This blog post is a proposed change to the HTML Standard for anchor tags. I’m not sure how to write or submit an RFC to the Internet Engineering Task Force and/or whoever manages the HTML Living Standard. Feel free to email me if you’d like to discuss this with me.
Problem: The HTML Standard for anchor tags lets you show one URL but send users to another
Currently you can write a tag like
<a href="https://accounts.googlee.co/signin">https://accounts.google.com/signin</a> where you display a legitimate URL and then send users to a look-alike URL. Many users will just see the
google.com part of the display text and trust that the link is safe. This is a drawback to trusting the display text of a link. I believe it does more harm than good to allow website designers to write an anchor tag which displays a different URL than it links to.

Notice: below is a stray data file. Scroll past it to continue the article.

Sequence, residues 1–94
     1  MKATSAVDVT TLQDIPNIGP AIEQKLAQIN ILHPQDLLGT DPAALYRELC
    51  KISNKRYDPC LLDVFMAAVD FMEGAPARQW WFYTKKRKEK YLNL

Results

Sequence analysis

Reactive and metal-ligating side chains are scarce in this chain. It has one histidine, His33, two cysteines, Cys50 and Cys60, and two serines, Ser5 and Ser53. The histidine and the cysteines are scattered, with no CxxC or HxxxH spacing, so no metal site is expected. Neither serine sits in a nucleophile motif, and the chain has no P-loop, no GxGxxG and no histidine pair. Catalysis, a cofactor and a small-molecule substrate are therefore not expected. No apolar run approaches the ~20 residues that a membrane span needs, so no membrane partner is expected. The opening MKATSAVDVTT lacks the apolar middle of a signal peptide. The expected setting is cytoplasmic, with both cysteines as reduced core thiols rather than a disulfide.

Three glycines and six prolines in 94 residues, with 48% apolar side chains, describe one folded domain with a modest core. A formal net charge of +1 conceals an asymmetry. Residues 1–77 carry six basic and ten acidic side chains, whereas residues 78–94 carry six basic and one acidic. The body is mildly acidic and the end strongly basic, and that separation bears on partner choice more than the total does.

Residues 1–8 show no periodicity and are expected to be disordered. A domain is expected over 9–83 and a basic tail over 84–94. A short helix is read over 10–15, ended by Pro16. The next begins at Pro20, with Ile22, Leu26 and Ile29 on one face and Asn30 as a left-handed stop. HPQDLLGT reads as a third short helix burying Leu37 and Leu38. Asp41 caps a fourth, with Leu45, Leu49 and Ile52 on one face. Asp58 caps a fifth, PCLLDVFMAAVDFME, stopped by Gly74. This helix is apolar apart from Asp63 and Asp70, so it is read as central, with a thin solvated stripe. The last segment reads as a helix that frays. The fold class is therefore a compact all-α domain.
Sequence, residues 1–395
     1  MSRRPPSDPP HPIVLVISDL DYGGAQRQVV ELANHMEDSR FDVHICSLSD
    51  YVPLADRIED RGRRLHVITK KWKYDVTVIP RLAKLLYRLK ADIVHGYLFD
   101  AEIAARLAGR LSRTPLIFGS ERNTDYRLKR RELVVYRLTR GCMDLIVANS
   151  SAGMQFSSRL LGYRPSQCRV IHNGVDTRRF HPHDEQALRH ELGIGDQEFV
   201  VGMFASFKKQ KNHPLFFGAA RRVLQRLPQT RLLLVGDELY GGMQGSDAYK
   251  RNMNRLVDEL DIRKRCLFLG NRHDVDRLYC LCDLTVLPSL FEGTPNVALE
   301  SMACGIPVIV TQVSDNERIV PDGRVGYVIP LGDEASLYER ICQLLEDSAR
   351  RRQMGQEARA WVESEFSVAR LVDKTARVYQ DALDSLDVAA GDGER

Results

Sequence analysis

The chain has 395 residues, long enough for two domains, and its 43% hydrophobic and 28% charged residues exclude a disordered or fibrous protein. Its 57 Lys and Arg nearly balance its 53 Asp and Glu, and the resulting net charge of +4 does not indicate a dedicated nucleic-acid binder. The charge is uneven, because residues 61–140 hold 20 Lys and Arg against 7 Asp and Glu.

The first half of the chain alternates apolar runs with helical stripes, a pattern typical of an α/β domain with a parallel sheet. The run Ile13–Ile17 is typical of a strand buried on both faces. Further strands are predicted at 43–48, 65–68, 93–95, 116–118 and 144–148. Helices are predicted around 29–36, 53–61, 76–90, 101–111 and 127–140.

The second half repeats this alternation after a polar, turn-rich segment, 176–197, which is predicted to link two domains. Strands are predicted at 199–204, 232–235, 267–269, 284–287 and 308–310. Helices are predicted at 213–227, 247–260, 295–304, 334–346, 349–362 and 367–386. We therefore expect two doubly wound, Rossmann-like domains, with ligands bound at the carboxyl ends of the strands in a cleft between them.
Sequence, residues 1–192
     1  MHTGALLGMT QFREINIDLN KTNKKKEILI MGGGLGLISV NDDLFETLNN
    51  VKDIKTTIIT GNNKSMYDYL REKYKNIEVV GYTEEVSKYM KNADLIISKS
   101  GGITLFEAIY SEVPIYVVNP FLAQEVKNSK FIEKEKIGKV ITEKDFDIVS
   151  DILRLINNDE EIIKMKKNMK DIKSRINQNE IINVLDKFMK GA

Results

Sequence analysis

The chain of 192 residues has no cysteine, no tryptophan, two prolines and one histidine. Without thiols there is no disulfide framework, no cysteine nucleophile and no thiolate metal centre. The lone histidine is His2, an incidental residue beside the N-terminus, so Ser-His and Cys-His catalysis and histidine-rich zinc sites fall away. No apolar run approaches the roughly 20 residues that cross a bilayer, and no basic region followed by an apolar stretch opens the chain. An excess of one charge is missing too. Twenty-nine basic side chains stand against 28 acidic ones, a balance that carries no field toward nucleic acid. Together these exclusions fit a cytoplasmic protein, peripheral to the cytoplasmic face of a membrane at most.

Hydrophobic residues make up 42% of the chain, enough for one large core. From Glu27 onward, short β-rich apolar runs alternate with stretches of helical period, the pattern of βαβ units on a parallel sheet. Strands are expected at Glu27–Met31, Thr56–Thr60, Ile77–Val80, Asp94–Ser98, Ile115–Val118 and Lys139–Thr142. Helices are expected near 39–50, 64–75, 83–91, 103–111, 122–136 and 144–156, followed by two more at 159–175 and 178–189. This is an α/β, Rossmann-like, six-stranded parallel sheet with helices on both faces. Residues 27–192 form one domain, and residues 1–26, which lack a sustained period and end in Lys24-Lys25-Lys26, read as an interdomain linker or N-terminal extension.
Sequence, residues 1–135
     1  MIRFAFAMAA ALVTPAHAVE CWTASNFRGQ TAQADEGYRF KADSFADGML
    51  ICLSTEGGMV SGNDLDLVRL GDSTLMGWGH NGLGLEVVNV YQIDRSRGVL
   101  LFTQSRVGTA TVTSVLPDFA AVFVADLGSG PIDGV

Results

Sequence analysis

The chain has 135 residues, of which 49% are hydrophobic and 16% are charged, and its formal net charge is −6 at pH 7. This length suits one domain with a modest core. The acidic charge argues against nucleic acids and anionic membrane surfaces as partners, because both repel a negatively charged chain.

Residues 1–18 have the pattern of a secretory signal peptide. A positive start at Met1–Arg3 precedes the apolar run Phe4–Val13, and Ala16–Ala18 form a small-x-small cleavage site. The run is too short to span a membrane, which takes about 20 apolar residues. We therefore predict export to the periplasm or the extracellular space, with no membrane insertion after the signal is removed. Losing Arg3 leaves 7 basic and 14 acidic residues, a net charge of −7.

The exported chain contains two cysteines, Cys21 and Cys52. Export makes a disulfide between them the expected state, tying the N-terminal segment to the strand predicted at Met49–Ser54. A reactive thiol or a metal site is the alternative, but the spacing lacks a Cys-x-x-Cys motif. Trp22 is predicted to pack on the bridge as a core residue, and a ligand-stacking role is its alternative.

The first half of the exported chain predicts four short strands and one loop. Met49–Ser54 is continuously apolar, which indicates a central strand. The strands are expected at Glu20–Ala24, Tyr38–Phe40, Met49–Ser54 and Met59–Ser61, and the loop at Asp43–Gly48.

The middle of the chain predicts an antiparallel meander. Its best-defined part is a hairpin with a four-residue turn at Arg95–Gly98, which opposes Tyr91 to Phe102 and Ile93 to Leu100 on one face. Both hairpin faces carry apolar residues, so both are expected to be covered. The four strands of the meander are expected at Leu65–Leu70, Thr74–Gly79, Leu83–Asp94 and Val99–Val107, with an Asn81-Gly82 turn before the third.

I propose that when displaying an anchor tag if the display text includes the
https:// or includes a
. AND a
/ the display text should be ignored and instead the URL should be displayed. It may be ideal to display the URL if non-allow listed special characters are used as special charsets could be used to circumvent this change and threat actors are creative. I’ll leave this decision to security professionals.
Risks of the proposed change
This may show URLs intended to be hidden from users for example Twitter uses
https://twitter.com/redirect=https://google.com&tweet_id=123456 to accommodate for a change to the anchor tag specification. It could similarly affect other short-link/click-tracking services.
Benefits of proposed change
The benefit is that display text in links could not be used as a malware or phishing vectors and users would be able to trust that the link they see is legitimate. Internet users should be able to trust that the link they see is the link they go to. While a website can always use its own redirector to hide the final destination it is in the best interest of internet users to not be able to show a fake url.
I hope web designers, developers, and software vendors discuss this change and see how changes to the anchor tag html standard could improve web security and reduce phishing and malware attacks.